Finally, it was time to leave the lowest point on Earth as we turned left into the snaking road that leads to the town of Kerak. Four hundred metres higher, there was a road sign that indicated where we touched sea level. As in throughout this region, the arid scenery was breathtaking with interesting rock formations and deep gorges.
The southern shore of the Dead Sea is where Jordan and Israel meet again. The fall in the level of the Dead Sea is most visible here, with much of the new land is being used as salt mines. There is also extensive agriculture despite the lack of rain, which is compensated for by the deep depression in the land that allows for wells to be drilled easily. There is also a small Jordanian village (al-Mazra'a) that seems so far away from civilization.
The Dead Sea is a natural wonder! Its shore is 420 metres below sea level, making it the lowest dry point on our planet, where the air feels thicker and much warmer than the cliffs above. The salty water mass fills the lowest point in the Jordan Rift Valley, a deep depression created by a split between tectonic plates millions of years ago (one which also created the Red Sea). The eastern shores belong to Jordan while the western shores are split between Palestine and Israel (though the Israeli military controls the entire shore as part of its continued occupation of the West Bank). The high salt content of the waters makes the Dead Sea (which is really a lake) devoid of marine life, hence its name, but these rich minerals give its water and mud the healing properties that have attracted people for millennia. Unfortunately, falling water tables in the Middle East due to continued drought and excessive use of the waters of the River Jordan upstream have resulted in a rapid drop in the level of water in the Dead Sea. This is clearly visible as one walks to the shore where older (higher) sea level is visible.
The spectacular Wadi Majib carves its way through the arid cliffs of Jordan and snakes its way all the way down to the eastern shore of the Dead Sea. A quick stop along the Dead Sea Highway for the attached photo is a must during the long drive to Petra. For those with more time, hiking trails and a spa are located upstream, though they are only accessible from the upper end of the valley rather from where I took this photo.
After a quick dip in the Dead Sea followed by lunch at the Movenpick, we drove south on the Dead Sea Highway as we continued our way to Petra. The views were equally stunning through out the way and towards the southern half of the Dead Sea we could see Israel on the other side.
So close, yet so far away... Palestine is clearly visible from the Jordanian shores of the Dead Sea and precisely beyond these arid cliffs lie Jerusalem and Bethlehem. I just hope to make it there one of those days...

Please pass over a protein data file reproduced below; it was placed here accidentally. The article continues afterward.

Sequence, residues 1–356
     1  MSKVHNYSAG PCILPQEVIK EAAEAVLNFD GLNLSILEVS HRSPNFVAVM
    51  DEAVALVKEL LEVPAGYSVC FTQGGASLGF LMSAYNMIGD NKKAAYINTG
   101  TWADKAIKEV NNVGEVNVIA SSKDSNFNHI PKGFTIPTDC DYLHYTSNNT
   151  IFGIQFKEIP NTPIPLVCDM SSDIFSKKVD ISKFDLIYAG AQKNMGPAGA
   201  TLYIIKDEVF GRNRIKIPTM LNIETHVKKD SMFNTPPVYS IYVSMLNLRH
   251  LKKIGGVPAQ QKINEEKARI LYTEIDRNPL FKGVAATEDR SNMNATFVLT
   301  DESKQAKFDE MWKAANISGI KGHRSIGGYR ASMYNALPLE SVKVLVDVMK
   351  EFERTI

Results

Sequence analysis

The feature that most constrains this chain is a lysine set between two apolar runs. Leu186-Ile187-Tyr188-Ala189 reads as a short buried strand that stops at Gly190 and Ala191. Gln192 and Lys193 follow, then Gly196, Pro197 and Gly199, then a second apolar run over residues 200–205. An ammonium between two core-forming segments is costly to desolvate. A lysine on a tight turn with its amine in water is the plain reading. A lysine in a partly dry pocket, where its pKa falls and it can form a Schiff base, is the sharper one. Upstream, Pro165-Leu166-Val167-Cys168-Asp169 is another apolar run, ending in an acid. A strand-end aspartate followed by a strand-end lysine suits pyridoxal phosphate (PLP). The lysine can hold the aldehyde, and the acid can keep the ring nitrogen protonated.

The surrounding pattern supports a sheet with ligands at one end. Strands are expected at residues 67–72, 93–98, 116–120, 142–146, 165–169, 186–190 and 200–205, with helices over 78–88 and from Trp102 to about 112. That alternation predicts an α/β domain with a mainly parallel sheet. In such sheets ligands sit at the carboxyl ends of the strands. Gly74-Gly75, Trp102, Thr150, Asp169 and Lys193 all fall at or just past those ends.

Indeed you float easily in the waters of the Dead Sea. It is one of those things you hear about but do not fully believe until you actually try it. The sensation is bizarre, not only because of floating, but also because the water itself feels somewhat oily because of the high mineral content. I also found it a little too cool for comfort in December, but perhaps it's much more refreshing in warmer months. If you plan to take a dip, it is advisable to bring some sort of waterproof footwear as this person had done (something I hadn't thought of). This makes walking on the rocky bottom much easier.
Because of the high mineral content of its mud and waters, they are thought to have healing powers. Many people come here to get a Dead Sea mud treatment followed by a dip in the water. One look at these lovely ladies made me skip the mud treatment altogether and go straight for the water...
Just north of the Dead Sea on the River Jordan is the site of the Baptism of Jesus Christ in Bethany-Beyond-The-Jordan. It is called "al-Maghtas" in Arabic. Due to time constraints, we skipped a visit to the site but were content to be close enough to it to see the road sign in the attached photo.
The drive from Madaba and Mount Nebo to the Dead Sea and the Jordan Valley is simply spectacular! The descent is amplified by the fact that the shores of the Dead Sea are approximately 420 metres below sea level and Mount Nebo is at an altitude of over 800 metres, resulting in 1200-1300 metres vertical drop. Attached are a few photos.
The St Georges Church is world famous for it's beautiful old mosaic.
At the counter, you can ask for a detailed map of the mosaic. This way, it becomes more clear whar you see...
The mosaic is an old map of the Middle East. You can clearly distinct the Nile Delta, Jeruzalem and other places.
By the way, that's the one and only reason to visit this dull little town. The Archeological Museum and one other Museum can be missed.